Again, referring to my idealism, someone commented: "Archbishop Williams and Dean Munday appear to share one characteristic--DENIAL." Rowan Williams (alas) bears much of the responsibility for what the Anglican Communion has become (at least during his tenure). I am speaking of what Anglicanism can be!
What is more, I am not speaking of the Anglican Communion, I am speaking of the Anglican Way. The institutions of the Anglican Communion may fall to dust, yet it will remain that the Anglican Way of being a Christian contains much that is of great value that we can and must contribute to the universal Church and to the future of what Christianity is becoming.
I realize that for those who need the reassurance of a strong visible expression of the Church, dealing in ideals may not be enough. But I would submit that while the whole company of believers in Jesus Christ—baptized into Christ's body, indwelt by the Holy Spirit, from Pentecost until our Lord's return, and existing in heaven and on earth—may not at times be keenly visible, nevertheless, it is a reality. And our work for the Church must have that reality as our focus and our aspiration, more than any earthly expression of the Church (no matter how venerable) that represents only a portion of those believers at one moment in time.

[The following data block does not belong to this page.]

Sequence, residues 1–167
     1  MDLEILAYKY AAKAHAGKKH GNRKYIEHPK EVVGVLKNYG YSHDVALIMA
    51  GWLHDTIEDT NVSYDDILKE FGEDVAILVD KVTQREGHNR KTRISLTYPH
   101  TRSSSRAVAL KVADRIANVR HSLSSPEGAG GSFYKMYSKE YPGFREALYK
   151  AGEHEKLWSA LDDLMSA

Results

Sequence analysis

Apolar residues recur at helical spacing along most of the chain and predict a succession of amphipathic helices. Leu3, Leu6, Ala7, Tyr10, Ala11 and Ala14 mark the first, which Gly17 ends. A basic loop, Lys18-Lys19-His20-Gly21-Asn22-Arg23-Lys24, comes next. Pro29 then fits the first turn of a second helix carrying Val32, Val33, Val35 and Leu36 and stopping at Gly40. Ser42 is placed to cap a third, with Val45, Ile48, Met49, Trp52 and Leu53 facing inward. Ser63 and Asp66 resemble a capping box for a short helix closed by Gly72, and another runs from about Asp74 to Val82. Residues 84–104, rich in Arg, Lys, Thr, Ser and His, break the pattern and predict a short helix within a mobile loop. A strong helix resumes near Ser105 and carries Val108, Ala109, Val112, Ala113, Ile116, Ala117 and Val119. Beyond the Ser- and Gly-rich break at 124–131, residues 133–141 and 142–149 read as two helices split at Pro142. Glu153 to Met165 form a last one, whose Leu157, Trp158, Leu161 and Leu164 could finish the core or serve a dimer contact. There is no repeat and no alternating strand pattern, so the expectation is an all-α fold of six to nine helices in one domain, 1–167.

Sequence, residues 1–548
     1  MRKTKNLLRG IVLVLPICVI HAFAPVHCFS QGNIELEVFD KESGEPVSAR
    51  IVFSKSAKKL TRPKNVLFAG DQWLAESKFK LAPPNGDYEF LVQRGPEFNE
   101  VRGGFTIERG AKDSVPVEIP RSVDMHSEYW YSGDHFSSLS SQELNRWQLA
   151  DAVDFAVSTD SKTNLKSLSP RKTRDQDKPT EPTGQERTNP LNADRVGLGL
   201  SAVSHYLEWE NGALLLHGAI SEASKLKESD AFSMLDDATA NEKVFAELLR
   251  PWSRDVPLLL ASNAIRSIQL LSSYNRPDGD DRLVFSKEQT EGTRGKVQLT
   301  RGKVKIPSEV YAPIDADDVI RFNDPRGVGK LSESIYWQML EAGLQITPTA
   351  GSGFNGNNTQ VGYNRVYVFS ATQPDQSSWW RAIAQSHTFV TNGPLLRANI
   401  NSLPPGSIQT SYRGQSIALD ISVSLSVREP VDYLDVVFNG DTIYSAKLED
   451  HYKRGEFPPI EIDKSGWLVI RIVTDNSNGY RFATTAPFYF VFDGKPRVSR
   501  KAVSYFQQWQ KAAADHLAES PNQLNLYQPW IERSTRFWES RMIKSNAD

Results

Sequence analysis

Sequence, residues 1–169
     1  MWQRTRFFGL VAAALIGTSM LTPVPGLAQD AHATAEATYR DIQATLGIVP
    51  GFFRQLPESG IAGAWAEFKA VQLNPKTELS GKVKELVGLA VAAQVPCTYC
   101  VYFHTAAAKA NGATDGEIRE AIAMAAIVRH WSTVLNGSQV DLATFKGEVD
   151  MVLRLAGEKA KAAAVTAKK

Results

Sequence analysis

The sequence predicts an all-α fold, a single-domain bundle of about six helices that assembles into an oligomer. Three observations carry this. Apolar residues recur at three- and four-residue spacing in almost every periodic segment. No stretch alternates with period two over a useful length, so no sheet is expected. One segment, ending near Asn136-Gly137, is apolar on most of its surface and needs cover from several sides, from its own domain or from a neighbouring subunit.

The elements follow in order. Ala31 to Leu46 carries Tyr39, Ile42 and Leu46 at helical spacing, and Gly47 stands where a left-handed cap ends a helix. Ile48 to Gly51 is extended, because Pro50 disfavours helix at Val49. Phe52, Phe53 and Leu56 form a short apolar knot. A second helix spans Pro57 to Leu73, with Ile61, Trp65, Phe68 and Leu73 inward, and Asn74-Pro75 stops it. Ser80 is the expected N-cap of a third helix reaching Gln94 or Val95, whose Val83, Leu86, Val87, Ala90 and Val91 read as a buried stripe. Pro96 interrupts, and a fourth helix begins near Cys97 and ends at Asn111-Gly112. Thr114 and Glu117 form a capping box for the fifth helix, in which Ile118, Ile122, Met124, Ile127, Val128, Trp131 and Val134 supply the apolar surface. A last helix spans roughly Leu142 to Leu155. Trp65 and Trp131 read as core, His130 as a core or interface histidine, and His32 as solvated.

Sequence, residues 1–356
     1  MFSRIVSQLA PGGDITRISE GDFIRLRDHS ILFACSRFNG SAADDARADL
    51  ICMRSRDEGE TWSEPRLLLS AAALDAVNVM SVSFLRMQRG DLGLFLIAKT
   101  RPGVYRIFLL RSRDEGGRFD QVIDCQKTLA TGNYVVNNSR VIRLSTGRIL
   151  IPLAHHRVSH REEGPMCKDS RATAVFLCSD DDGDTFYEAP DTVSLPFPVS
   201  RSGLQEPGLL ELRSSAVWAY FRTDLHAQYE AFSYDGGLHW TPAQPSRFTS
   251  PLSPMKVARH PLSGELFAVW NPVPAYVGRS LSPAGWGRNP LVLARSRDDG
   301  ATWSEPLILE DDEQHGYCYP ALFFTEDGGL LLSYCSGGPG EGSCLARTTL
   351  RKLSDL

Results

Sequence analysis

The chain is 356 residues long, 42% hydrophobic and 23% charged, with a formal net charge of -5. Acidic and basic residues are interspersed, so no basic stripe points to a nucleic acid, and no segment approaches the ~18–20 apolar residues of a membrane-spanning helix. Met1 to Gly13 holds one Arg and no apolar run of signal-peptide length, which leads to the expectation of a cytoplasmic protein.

I realize that my proposals may hold no attraction for former Anglicans who have now become Roman Catholics. That is understandable. If you are someone who believes that the answer to Christian unity is for everyone to become united in communion with the See of Rome, without any prior discussion of the ways in which Rome has erred—that there need be no discussion of Christian doctrine into which Rome in humility needs to enter—then, naturally, we are going to disagree.
My starting point is a fundamentally Anglican premise:
Article XIX. Of the Church.
The visible Church of Christ is a congregation of faithful men, in which the pure Word of God is preached, and the Sacraments be duly ministered according to Christ's ordinance, in all those things that of necessity are requisite to the same.